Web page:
A drug, normally prescribed for patients with acute heart failure, may be effective in improving muscle function in patients with respiratory muscle weakness, which often accompanies chronic diseases such as chronic obstructive pulmonary disease (COPD) and congestive heart failure. Researchers found that levosimendan increases the sensitivity of muscle tissue to calcium, improving the muscle’s ability to contract. Their findings appear in the American Journal of Respiratory and Critical Care Medicine.
“We found that the calcium sensitizer levosimendan improves the mechanical efficiency of the human diaphragm, suggesting a new, therapeutic approach to improve respiratory muscle function in patients with respiratory failure,” said Leo Heunks, MD, PhD, a pulmonary and critical care physician at Radboud University Nijmegen Medical Center in the Netherlands.
Calcium is a necessary element in muscle contraction, and calcium sensitizers like levosimendan improve muscle tissue’s ability to contract by making them especially sensitive to the effects of calcium. In vitro studies have demonstrated calcium sensitizers improve the function of the respiratory muscles, and results of animal studies have shown calcium sensitivity is reduced in specific chronic illness settings. A recent in vitro study of diaphragm muscle tissue taken from COPD patients showed levosimendan enhanced the ability of those tissues to contract.
Based on the results of those studies, the researchers in this study looked at whether levosimendan would improve the ability of the diaphragm muscle to contract in healthy volunteers.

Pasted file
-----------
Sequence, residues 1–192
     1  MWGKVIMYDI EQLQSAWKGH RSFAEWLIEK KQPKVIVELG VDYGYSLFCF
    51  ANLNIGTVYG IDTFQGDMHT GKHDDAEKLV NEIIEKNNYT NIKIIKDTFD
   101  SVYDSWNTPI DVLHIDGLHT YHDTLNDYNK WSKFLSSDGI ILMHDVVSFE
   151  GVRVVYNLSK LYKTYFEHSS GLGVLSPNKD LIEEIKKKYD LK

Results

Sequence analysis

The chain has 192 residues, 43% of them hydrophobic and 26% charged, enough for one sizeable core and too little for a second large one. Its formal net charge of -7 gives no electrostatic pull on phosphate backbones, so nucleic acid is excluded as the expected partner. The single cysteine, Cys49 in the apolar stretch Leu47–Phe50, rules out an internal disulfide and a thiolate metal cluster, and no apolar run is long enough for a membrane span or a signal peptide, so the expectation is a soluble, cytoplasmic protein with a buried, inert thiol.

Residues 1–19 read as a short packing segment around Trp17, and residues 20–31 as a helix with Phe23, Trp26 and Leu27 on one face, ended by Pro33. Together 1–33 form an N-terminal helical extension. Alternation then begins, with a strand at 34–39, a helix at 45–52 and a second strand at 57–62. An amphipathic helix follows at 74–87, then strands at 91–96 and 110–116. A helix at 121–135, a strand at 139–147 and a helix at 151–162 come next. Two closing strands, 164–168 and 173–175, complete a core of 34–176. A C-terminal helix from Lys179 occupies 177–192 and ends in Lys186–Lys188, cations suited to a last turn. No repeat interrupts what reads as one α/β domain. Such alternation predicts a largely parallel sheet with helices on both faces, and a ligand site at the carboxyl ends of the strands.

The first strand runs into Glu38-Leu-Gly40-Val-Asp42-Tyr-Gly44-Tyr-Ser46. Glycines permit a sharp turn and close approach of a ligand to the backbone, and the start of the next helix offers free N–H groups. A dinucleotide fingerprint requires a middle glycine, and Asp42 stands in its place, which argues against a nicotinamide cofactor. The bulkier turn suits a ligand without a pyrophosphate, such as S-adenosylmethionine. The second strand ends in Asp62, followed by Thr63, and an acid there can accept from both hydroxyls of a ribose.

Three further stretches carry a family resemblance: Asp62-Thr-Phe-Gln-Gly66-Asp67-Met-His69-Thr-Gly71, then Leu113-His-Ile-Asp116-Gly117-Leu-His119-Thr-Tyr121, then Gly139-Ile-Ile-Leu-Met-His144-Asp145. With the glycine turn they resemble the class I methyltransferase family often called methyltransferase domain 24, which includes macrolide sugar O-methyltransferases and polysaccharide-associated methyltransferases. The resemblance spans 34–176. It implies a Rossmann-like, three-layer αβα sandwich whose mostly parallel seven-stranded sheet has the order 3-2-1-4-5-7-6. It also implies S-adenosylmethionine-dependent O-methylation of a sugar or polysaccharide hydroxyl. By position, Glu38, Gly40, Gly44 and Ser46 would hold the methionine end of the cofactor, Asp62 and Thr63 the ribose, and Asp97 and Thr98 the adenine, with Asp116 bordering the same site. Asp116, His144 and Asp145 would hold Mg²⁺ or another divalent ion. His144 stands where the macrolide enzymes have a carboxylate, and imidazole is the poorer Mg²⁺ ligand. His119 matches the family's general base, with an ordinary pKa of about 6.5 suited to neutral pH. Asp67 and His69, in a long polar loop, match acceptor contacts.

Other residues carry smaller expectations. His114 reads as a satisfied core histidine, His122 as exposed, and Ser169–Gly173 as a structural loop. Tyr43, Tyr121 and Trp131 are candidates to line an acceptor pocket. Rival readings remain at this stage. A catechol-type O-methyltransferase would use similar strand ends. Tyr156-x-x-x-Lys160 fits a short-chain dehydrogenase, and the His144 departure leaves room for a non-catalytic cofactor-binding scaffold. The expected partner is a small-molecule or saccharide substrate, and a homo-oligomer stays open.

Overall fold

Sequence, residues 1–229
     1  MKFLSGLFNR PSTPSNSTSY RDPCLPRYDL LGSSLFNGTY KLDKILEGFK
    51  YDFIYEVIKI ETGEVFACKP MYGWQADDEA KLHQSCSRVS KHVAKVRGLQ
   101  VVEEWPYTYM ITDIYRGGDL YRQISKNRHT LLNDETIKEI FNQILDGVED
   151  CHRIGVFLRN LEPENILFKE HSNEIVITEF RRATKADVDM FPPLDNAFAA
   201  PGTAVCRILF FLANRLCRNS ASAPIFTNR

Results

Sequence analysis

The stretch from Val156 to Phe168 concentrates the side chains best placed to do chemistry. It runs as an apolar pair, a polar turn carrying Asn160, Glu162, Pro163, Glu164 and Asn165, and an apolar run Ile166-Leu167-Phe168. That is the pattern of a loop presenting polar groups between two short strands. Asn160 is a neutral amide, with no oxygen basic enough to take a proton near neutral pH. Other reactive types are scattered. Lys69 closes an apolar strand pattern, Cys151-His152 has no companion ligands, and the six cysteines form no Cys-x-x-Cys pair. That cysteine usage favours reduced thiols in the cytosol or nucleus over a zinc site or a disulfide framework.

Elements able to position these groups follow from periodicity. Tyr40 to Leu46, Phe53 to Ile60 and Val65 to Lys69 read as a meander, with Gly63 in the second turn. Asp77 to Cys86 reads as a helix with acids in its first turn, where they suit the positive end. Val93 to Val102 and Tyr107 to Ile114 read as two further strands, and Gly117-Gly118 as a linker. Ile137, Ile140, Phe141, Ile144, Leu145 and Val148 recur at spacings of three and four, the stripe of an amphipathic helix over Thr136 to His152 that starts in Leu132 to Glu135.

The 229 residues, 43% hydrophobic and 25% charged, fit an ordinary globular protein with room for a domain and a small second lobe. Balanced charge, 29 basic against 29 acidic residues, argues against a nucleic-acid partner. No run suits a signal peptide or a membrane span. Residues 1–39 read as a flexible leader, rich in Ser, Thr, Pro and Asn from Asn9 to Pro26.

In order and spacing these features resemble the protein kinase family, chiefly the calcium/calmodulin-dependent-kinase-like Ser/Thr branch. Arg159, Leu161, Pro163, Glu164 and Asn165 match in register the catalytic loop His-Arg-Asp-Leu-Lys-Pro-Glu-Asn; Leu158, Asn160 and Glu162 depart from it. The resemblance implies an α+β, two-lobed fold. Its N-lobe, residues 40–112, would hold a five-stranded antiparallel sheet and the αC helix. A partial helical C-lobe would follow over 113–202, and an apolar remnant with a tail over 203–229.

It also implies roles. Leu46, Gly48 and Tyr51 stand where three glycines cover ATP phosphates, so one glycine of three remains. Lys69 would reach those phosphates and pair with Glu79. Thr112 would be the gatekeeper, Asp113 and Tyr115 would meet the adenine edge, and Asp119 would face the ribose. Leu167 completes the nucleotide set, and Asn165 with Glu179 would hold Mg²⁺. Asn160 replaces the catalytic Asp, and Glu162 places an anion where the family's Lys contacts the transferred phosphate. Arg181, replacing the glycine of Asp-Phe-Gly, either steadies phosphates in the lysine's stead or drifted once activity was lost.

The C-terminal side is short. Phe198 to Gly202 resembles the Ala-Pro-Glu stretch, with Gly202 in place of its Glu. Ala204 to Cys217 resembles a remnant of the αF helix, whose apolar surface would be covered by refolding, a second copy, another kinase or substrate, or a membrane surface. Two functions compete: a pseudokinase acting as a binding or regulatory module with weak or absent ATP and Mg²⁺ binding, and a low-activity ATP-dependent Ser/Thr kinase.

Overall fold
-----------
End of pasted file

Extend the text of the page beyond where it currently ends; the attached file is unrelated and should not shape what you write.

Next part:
The researchers enrolled 30 healthy volunteers and randomized them to receive either levosimendan or placebo. Each volunteer performed two identical breathing exercises, one before receiving levosimendan or placebo and one afterward. During each exercise, the researchers used a specialized catheter to measure the nervous system’s stimulation of the respiratory muscles and the amount of force those muscles used in forced exhalation. Magnetic nerve stimulation was used to evaluate the movements of the diaphragm before and after the exercise period, and heart rate, blood pressure, exhaled carbon monoxide, and blood oxygen levels were continuously measured.
At the end of the study, subjects in the placebo group had a 9% loss of muscle contraction following the exercises, while those in the levosimendan group had no loss of contraction. In addition, the mechanical efficiency of the diaphragm during the exercises improved by 21% in the levosimendan group compared to the placebo group, meaning subjects treated with levosimendan needed less effort than those treated with placebo to achieve the same amount of muscle force.
While the researchers found that levosimendan essentially prevents the development of respiratory muscle fatigues, they note that larger studies are necessary to confirm these results and determine optimal dosage.
Source: American Thoracic Society